BWA warns of possible water rationing
Four months into the rainy season the island’s lone water company is complaining that it might be forced to introduce water rationing if the rains don’t come soon.
And according to acting General Manager of the Barbados Water Authority (BWA) Dr John Mwansa the prognosis is not good.
Dr Mwansa told reporters at the BWA’s Pine Commercial Estate, the Pine, St Michael headquarters that precipitation outlook forecasts by the Caribbean Regional Climate Outlook Forum (CARICOF) suggest that rainfall will be 50 per cent below normal for the period September to November 2015.
He said this would “definitely” result in a drought since the bulk of the country’s water supply comes during the months of September to November and the amount of rain that
falls during this period determine the amount of water resources available going into the next year.
“If the predictions of below normal rainfall come to fruition then Barbados will definitely have a drought . . . Droughts come in different magnitudes. You can have a drought that only affects your water supply by 10 per cent which you may be able to handle more easily, than a drought that affects your supply by 20 or more. So it depends on the magnitude of the drought that we are going to experience that would determine the extent of the measures that we would have
to implement,” the acting water company boss said.
Asked if the water supplied by Ionics Freshwater Ltd was used to augment the island’s water supply, the acting general manager said the four million gallons of water is transferred to Christ Church and St Philip to augment supplies for the proposed developments there.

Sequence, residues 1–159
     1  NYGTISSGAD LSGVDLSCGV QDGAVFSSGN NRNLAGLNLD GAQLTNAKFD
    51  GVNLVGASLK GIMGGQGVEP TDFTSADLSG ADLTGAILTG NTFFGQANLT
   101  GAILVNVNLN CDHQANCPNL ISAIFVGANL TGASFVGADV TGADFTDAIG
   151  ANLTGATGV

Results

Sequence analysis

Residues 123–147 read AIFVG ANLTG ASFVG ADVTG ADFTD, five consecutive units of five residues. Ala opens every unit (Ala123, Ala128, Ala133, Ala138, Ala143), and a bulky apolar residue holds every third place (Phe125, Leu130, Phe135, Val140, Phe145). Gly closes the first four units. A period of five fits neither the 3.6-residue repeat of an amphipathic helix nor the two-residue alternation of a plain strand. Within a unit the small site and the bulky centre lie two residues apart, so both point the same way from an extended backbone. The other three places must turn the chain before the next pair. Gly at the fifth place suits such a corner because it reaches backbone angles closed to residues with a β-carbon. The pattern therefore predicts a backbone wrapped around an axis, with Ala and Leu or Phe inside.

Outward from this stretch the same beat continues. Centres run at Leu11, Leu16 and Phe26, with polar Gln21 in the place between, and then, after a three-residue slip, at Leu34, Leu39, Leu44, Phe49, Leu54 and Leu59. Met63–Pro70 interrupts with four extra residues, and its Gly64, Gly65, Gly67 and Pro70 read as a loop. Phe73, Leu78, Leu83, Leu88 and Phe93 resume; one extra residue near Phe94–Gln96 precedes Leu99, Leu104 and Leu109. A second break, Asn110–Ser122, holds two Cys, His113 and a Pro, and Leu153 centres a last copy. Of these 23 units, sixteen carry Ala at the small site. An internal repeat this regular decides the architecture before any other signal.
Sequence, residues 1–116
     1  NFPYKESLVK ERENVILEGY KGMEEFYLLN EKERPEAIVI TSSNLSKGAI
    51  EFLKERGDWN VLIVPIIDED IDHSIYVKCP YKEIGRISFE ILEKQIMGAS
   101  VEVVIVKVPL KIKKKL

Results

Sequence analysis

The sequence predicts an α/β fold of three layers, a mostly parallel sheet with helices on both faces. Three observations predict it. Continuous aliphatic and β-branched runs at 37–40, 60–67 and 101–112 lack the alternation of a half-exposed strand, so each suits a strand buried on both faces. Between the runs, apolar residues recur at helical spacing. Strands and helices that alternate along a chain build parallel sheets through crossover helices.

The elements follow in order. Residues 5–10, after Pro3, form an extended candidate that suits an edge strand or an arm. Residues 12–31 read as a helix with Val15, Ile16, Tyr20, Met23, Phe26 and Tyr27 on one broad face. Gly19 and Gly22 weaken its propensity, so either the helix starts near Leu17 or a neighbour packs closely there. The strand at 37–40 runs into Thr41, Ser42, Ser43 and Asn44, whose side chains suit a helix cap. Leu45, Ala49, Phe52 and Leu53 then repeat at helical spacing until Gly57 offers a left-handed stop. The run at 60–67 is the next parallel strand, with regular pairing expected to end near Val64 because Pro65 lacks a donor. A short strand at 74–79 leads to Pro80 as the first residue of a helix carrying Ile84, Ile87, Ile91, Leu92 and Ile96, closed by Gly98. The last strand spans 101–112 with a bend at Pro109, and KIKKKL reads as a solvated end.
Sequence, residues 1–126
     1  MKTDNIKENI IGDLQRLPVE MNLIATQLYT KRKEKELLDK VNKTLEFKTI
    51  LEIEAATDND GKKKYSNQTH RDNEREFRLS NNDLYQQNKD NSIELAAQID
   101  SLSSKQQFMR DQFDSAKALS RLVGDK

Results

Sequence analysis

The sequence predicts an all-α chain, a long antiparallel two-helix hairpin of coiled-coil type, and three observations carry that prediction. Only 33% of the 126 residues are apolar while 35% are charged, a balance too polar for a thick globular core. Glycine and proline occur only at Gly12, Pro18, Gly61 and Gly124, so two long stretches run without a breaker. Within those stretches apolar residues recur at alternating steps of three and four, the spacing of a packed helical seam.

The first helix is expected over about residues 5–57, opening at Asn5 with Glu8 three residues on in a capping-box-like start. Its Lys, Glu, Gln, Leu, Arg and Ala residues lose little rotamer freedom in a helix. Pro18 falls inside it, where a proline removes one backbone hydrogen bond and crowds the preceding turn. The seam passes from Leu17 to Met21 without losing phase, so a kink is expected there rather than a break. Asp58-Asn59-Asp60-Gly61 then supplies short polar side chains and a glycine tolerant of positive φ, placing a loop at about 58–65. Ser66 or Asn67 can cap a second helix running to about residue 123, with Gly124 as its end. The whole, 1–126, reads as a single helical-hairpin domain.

Mwansa added that the desalination system contributes to the west coast water supply but it also transfers water into the St Stephens/ Lodge Hill systems and then transferred up to Shop Hill, St Thomas and St George.
He pointed out that in an attempt to address the situation an order had been placed for four additional water tankers, bringing the total to eight.
Mwansa warned that nightly shut-offs would be introduced to try and get more water into the Golden Ridge Reservoir to allow for pumping to Castle Grant Reservoir which feeds most of the higher areas of St Joseph, St Andrew and St Thomas.
He said the BWA would clean the Bowmanston well and lower the pump in the well in order to avoid pumping air
as water levels drop.
He assured residents of St John, St Andrew, St Joseph and St Peter who have had to live with dry taps for extended periods that this project would be completed by next Monday September 21, 2015.
Mwansa disclosed that plans were in place to augment water supplies through installation of pumps at wells at Groves Agricultural Research Station to feed directly into the Golden Ridge Reservoir by November. (NC)